After months of hype, Kim Dotcom's successor to his now shut down MegaUpload file sharing website is up and running ... barely. As chronicled by Dotcom's own Twitter feed, the launch of Mega was accompanied by a flood of users trying to sign up for the service.
Nearly a year ago, the popular file sharing website MegaUpload was shut down by the U.S. government, which claimed the site was the bastion for online piracy. Its founder, Kim Dotcom, was arrested, along with several other MegaUpload team members.
Kim DotCom is back – again: the USA content industry current arch-enemy quickly reacted to the latest domain shutdown and announced that his new service will soon be available at the mega.co.nz URL. On January 19th, DotCom promises, Mega "will change the world".
Just a couple of weeks back, we brought you the latest on Kim Dotcom’s planned successor to MegaUpload, the file sharing site that was taken down earlier this year by the US Government. Dotcom revealed that the name of the new site would be ‘Mega’, and would continue to allow users to share their files via a remote server, while also offering one-click encryption in the browser.
2012 hasn't exactly been the best year for Kim Dotcom. MegaUpload, the popular file sharing website he helped to create, was shut down by the US government in January. It also executed a raid of his home in New Zealand at the same time. Dotcom was briefly put in jail, along with other MegaUpload team members, and he and his legal team have been fighting in court and awaiting a possible extradition to the US to face online piracy charges ever since.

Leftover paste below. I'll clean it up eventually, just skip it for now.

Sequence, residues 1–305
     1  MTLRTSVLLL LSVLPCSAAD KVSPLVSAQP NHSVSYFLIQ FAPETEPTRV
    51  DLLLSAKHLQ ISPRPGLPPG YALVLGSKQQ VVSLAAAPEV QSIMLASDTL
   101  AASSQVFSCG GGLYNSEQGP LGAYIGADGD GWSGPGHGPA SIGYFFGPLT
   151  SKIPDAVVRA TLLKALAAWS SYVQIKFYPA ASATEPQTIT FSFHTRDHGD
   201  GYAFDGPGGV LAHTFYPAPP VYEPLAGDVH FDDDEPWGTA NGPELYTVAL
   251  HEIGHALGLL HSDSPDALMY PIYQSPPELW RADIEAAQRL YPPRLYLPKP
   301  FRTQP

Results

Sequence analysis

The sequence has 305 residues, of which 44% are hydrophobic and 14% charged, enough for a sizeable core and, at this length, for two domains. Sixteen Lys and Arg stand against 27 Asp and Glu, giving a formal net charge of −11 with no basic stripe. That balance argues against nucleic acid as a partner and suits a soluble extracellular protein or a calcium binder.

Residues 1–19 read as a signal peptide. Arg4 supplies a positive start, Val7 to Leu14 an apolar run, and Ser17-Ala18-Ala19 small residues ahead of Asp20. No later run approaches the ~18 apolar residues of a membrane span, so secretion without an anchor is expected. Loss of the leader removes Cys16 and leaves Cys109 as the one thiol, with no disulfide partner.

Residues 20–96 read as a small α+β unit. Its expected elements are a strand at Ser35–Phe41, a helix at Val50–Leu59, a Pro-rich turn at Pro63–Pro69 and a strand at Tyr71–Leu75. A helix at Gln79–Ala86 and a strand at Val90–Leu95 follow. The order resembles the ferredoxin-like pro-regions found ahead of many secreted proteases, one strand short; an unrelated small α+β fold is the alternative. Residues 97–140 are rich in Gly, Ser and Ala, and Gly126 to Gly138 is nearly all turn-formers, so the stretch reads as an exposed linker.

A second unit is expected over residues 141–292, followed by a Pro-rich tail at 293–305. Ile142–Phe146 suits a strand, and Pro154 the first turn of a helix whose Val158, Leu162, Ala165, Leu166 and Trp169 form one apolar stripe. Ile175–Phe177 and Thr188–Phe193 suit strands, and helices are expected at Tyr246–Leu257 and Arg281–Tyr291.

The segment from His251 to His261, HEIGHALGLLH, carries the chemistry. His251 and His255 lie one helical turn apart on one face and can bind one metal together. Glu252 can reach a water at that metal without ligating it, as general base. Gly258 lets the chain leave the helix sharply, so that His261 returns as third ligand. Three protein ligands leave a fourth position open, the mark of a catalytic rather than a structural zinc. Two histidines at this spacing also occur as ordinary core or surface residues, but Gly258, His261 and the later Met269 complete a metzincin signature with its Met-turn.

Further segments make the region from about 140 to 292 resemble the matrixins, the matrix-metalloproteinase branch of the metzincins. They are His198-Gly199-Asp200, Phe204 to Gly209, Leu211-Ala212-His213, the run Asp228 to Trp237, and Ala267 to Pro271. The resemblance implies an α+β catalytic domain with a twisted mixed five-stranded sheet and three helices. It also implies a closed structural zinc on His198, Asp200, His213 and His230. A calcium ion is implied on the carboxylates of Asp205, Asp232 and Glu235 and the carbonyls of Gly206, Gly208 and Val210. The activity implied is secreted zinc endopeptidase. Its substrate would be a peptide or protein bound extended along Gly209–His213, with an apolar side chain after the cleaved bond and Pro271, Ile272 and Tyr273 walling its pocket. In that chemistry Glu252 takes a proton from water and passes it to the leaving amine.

In a new development in the case against MegaUpload founder Kim Dotcom, a judge in New Zealand has ruled that the raid on Dotcom's assets in January was not conducted properly and has declared the raid's restraining order "null and void."
In January, US law enforcement officials shut down the Megaupload file sharing web site, claiming that the site was being used for uploading and downloading pirated content. The shutdown of the site also left the site's many millions of users unable to access the content they uploaded on their accounts, including many who uploaded legitimate content such as documents, photo galleries and more.
Megaupload founder Kim Dotcom is a free man today, after a New Zealand court surprisingly granted Dotcom his bail request. NZHerald.co.nz reports that North Shore District Court Judge Nevin Dawson made the decision today, over the objections of local prosecutors.